PHOENIX – A University of Arizona distinguished professor and top public health adviser recommends Arizonans “stay the course” in response to the omicron variant that was discovered last week in South Africa and now is spreading around the world.
The new strain of the coronavirus that causes COVID-19 probably already is in the U.S., although there are no diagnosed cases, Dr. Richard Carmona said Monday in a UArizona web conference. Although the variant is newly discovered, he said, the mitigation strategies remain the same: get vaccinated, get tested, wear a mask and limit social interactions outside your bubble.
“There should be nobody thinking that because there’s a variant, they don’t need to get this vaccine because they need a new vaccine,” said Carmona, a former U.S. surgeon general who is a leading COVID-19 adviser for the Arizona Department of Health Services. “Not so. It’s still effective, we’re just looking at how effective it is.”
The omicron variant is suspected to be more infectious than the current variant, and potentially more capable of reinfecting those who have recovered from the virus, according to the World Health Organization.
Carmona said it will be several weeks before scientists will know more about its characteristics.
Omicron already has spread to Israel, Hong Kong, Canada and several European countries. As of Monday, the United States has restricted travel for non-citizens from South Africa and seven neighboring countries: Botswana, Zimbabwe, Namibia, Lesotho, Eswatini, Mozambique and Malawi.
“This variant is a cause for concern, not a cause for panic,” President Joe Biden said in a speech on Monday.
But Carmona said Arizonans need to stay vigilant about all variants of the coronavirus.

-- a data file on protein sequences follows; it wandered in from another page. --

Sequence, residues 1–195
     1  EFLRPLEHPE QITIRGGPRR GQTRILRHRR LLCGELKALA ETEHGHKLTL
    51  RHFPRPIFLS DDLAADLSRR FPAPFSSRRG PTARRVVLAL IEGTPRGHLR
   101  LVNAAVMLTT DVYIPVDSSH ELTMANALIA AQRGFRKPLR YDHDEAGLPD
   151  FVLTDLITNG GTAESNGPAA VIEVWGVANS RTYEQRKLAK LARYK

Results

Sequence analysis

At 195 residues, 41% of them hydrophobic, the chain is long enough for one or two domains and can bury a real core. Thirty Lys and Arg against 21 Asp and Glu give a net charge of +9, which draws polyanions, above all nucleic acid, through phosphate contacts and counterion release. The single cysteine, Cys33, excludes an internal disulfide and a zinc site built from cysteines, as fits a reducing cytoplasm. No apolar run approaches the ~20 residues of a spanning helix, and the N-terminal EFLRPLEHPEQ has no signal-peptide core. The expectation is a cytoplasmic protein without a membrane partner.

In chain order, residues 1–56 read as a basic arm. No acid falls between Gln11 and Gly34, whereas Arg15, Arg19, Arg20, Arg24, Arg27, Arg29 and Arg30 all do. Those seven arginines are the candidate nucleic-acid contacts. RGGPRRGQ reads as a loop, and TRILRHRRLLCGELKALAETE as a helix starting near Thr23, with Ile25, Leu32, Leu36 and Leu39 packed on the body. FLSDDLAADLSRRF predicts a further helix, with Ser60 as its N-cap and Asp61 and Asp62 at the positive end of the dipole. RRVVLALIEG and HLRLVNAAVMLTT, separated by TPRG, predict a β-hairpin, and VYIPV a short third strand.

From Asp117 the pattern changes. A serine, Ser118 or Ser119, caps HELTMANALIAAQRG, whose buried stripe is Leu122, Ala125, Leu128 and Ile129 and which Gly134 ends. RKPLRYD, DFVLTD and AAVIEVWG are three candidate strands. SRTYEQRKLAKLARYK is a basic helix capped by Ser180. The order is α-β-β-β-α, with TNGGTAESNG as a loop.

As of Monday, 62% of eligible Arizonans have received at least one dose of vaccine, compared to the national average of 69%, according to data from the Arizona Department of Health Services, and the Centers for Disease Control.
Concern over omicron comes as Arizona already is facing a daily infection rate of 45 per 100,000 people, 14th highest in the nation and well above the national average of 25 per 100,000, according to data from the University of Arizona, placing strain on the state’s medical systems.
“There aren’t enough beds,” Carmona said, “and even if you can find geographic space in a bed, you don’t have a nurse, you don’t have a respiratory therapist and so on.”
In the case of Banner Health, which cares for 44% of COVID-19 patients in the state, around 120 patients were waiting to be transferred into hospitals that matched their required level of care because of a lack of space, he said.
The situation is expected to worsen as winter visitors head to Arizona for the winter months, placing additional demand on hospitals.
“The message is we cannot get complacent,” Carmona said. “Everyone needs to get vaccinated.”